What’s it all about?
War and the devastating effects it has upon on the minds and bodies of those thrown into its path provides the harrowing storyline of Sean O’Casey’s 1928 play. The Silver Tassie follows a group of men from an Irish tenement on their journey to the World War I trenches and back again, brutally depicting the transformations they undergo on the battlefield.
Who’s in it?
A sterling cast of actors is tasked with bringing this disturbing and dramatic play to life, but owing to the radical changes in their characters it is Ronan Raftery and Aidan Kelly whose performances prove the most memorable. Raftery heart-wrenchingly conveys Harry’s transformation from jubilant football champion to embittered and heartbroken war victim, while Kelly’s chilling performance as a violent husband is unrecognisable in the dependent blind man who emerges later in the production.
Credit must also be given to Aidan McArdle and Stephen Kennedy, who alongside Judith Roddy as the comically assertive and stubborn Susie, provide some much-needed comic relief in what is otherwise a deeply depressing tale.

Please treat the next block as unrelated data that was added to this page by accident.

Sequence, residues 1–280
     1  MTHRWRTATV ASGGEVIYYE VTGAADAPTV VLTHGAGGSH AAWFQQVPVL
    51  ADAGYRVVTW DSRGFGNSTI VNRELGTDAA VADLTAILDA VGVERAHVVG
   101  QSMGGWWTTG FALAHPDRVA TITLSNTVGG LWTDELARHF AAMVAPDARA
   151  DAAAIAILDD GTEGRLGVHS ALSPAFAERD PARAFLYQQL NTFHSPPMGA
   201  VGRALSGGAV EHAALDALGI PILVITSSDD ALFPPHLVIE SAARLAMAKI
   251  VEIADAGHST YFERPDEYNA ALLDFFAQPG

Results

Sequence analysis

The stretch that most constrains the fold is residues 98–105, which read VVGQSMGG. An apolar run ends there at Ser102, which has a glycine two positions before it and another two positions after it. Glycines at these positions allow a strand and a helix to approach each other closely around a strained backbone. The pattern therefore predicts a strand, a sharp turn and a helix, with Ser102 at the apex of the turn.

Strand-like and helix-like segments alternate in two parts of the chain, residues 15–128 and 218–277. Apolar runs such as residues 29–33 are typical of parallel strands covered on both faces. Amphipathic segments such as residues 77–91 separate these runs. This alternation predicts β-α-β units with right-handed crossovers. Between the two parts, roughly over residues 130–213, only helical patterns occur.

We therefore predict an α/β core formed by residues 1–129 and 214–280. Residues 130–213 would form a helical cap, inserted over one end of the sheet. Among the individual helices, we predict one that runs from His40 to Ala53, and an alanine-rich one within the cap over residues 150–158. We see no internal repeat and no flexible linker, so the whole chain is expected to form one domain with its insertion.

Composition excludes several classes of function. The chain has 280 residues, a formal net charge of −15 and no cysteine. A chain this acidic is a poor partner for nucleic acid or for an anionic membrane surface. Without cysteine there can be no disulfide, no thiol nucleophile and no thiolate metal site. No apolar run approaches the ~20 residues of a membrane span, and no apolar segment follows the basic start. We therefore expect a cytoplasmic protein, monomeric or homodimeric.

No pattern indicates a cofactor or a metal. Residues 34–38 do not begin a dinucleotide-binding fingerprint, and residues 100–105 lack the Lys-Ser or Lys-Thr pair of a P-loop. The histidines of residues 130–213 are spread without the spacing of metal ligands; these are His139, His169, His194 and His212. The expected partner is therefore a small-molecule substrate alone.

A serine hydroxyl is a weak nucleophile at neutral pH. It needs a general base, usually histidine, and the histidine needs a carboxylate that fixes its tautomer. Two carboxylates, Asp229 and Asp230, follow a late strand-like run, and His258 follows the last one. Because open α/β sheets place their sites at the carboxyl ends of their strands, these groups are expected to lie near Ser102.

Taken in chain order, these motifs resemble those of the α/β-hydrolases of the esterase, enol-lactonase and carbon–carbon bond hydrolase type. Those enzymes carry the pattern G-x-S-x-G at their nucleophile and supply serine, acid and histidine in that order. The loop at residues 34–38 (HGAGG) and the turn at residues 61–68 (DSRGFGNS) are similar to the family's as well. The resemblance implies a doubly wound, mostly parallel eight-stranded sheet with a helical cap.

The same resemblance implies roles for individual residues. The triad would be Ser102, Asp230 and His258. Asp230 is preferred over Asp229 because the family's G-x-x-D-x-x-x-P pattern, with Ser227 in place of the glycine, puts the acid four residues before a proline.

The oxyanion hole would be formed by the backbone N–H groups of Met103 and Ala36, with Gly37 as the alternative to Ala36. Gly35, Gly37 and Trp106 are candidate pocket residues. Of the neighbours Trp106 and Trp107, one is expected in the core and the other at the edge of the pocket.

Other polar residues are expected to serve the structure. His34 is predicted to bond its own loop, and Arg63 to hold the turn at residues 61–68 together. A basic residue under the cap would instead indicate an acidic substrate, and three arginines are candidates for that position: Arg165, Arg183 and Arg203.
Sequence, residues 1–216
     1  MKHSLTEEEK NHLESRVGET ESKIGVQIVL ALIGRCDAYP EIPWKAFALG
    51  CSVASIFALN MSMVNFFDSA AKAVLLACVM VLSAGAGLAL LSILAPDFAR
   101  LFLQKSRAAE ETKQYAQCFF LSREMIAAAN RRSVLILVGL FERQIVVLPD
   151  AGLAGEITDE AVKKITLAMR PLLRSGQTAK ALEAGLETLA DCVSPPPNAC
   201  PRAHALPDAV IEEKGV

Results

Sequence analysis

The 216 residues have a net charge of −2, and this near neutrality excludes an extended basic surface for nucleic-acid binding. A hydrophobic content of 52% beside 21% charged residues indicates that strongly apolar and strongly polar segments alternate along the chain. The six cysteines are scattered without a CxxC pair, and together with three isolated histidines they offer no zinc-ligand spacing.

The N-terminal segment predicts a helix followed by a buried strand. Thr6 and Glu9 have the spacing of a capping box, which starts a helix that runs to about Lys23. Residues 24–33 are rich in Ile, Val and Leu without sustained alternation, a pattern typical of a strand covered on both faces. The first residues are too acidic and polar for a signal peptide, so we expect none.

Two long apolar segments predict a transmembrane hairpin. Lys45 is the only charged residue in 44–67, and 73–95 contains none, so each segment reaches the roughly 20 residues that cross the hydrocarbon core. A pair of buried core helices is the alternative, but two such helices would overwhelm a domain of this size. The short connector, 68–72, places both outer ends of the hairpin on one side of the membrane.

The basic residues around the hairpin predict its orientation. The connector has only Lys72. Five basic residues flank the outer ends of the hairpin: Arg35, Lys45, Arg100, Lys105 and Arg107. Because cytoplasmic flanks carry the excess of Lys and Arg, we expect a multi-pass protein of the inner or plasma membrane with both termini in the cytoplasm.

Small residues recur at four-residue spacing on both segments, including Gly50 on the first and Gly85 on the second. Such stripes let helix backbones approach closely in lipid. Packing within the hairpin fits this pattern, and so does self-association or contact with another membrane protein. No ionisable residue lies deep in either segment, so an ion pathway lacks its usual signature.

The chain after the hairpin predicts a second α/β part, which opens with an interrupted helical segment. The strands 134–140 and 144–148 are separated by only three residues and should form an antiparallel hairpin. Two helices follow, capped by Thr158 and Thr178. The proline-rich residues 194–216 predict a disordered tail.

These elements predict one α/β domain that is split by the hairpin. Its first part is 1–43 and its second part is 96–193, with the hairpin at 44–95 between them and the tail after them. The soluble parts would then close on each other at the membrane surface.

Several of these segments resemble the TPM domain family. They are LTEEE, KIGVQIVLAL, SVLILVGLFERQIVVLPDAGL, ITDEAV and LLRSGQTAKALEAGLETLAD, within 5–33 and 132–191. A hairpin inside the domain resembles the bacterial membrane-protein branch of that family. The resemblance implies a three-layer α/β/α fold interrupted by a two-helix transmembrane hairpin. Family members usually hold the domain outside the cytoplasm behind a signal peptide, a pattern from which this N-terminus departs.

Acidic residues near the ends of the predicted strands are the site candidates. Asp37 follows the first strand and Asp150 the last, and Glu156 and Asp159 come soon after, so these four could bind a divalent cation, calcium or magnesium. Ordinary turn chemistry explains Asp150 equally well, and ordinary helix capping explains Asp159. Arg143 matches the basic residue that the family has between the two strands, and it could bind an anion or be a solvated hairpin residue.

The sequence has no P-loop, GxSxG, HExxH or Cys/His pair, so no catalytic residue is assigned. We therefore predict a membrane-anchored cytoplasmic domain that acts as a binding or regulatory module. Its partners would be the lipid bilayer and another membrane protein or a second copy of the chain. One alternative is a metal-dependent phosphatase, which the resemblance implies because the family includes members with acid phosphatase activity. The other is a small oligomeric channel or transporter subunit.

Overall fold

What should I look out for?
The earthshattering explosions that make you question whether the National Theatre is in fact under attack and the smell of cooking steak that makes you wish you’d eaten before the start of the show.
In a nutshell?
Helped by an arsenal of stage pyrotechnics, Olivier Award winner Howard Davies evokes the First World War with striking and devastating clarity in the National Theatre’s latest breathtaking production.
What’s being said on Twitter?
@jessicaduchen The Silver Tassie is very, very strong stuff. Textures, punch and compassion of O’Casey’s drama overwhelming. Staging felt terribly real.
@fmacconghail Impressed with production of The Silver Tassie last night. Great beast of a play by Sean O’Casey. Mighty ensemble of actors.
Will I like it?
This is not an enjoyable tale, nor is it one of O’Casey’s most successful plays. But, as an experience, Howard Davies production is something that you won’t want to miss. With its blend of distressing drama and melancholic music along with Vicki Mortimer’s imposing and transformative designs, I defy you not to leave the National’s Lyttelton Theatre feeling like you’ve witnessed something truly breathtaking.